Archaeology Tools for Kids

Written by lee carroll
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Archaeology Tools for Kids
Archaeologists use many tools that children can manage. (Archaeologist image by russe from

Archaeology is a fascinating science for kids. The earlier they get their hands in the dirt, the greater their fascination with archaeology and history will be. There are many tools used by archaeologists for digging and finding buried objects. Although some are very expensive and even dangerous for children to handle, other basic tools will provide hours of interesting, safe work for your kids.

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Remove debris delicately with dry, soft-bristle brushes, as explained at the website Archaeology for Kids. Small hands can make use of house painting brushes, artists' brushes, toothbrushes and even inexpensive make-up brushes for dusting away dirt and sand from the interesting finds your kids dig up.

Archaeology Tools for Kids
Dry paint brushes are used to clear away debris. (paint brush 2 image by jimcox40 from


A wheelbarrow is useful for relocating items and for transporting dirt from one location to another. They are essential tools of the trade, as explained by Social Studies for Kids. Although a child would have difficulty manoeuvring a wheelbarrow designed for an adult, smaller versions are available in garden supply stores and even toy departments. Beach buckets could do the same job in a pinch.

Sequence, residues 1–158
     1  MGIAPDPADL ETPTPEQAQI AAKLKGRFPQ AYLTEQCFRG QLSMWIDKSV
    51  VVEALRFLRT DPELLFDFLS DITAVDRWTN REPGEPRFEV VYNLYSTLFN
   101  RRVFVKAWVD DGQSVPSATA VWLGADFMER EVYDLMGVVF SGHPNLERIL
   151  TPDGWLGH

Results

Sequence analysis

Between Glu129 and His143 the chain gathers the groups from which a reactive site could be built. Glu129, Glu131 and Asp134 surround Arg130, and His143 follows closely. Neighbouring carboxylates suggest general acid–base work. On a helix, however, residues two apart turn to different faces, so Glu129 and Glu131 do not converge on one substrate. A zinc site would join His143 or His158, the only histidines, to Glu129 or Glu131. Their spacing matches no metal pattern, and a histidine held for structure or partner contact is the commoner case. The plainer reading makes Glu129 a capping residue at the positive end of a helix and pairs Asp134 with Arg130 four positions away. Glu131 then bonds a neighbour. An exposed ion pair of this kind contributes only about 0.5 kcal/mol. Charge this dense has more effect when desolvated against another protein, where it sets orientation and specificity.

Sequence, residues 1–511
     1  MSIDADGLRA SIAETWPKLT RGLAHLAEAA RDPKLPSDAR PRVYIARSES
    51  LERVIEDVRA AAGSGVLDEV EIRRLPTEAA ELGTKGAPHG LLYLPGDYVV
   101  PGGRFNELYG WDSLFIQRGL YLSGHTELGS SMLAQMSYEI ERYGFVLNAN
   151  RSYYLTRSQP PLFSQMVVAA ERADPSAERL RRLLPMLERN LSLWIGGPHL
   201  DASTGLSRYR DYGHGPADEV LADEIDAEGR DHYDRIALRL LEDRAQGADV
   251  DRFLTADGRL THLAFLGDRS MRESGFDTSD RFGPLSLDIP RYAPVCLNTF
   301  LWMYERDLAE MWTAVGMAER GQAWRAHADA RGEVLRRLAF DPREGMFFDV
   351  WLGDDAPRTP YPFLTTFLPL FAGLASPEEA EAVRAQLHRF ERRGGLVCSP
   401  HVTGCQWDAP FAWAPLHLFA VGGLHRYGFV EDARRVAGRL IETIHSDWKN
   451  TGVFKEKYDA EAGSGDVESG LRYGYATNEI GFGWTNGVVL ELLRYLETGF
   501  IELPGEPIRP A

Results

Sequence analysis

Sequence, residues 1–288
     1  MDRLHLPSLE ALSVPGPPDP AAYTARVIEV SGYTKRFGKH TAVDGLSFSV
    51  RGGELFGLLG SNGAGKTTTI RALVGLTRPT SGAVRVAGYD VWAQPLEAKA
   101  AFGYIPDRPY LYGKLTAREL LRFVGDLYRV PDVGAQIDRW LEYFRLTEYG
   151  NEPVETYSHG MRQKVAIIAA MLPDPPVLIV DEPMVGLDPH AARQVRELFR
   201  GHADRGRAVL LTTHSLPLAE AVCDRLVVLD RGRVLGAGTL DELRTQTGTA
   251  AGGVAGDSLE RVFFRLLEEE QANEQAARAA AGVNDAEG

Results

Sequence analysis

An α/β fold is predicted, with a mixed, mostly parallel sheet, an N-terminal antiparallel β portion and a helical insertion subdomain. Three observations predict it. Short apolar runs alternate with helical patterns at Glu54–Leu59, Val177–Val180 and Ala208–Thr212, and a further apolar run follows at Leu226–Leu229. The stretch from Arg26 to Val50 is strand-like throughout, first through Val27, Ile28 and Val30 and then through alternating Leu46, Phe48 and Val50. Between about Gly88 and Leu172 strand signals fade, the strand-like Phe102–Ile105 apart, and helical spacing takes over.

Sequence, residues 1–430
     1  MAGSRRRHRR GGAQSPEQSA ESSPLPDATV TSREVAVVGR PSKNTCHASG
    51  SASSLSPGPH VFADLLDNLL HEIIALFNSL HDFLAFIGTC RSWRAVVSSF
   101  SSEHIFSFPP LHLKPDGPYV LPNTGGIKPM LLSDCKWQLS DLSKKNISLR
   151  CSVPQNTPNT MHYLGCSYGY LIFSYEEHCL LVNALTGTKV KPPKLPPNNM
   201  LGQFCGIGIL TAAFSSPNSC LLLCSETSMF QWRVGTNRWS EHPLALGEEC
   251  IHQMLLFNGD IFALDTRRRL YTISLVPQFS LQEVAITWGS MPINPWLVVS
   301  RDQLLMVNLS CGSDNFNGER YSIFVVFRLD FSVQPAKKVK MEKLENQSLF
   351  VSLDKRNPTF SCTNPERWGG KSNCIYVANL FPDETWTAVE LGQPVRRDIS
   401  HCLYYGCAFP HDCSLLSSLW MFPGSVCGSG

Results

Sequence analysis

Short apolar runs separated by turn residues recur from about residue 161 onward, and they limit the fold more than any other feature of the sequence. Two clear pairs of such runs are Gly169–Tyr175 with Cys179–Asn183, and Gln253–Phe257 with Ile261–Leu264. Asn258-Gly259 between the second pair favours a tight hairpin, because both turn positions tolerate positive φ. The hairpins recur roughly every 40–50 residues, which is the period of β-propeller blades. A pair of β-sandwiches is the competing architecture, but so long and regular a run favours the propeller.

Archaeology Tools for Kids
Choose a child's wheelbarrow for easier manoeuvring. (Brouette verte image by JRB from

Shaker Screen

Sift through dirt to find small objects with a sifter or shaker screen, as shown at the website Purchase a beach sifter shaped like a pan with holes in the bottom, or you create your own sifter using an old picture or mirror frame and screening found at home improvement centres. Remove everything from the picture or mirror frame, including paper, glass and backing materials, leaving only the frame. Cut screen material to the size of the frame and staple it around the edges on the back of the frame.

Archaeology Tools for Kids
Use screening material and an old frame to make a shaker screen. (sieve image by siloto from

Shovels and Trowels

Shovels and trowels are used for digging in archaeology. Gardening tools like hand shovels are small enough for children to manage, and masonry trowels are similar in size. Similar plastic tools for younger children can be found in toy sections and beach shops.

Archaeology Tools for Kids
Younger children can use beach tools for digging. (Shovels and pail on the beach image by Jim Mills from


Give your child a notebook or journal for recording his archaeological dig activities. If he is too young to write, ask him to tell you what he wants you to write for him. This is an interactive way to keep your child interested and let him know that you are interested, too. Add snapshots of his treasures, even if they are simply rocks. The more importance you place on his activities, the more likely he is to stay fascinated with science. Save the notebook once it is full to give back to him when he is older.

Archaeology Tools for Kids
Encourage your child to keep a journal, or keep one for him. (journal and fountain pen image by jimcox40 from

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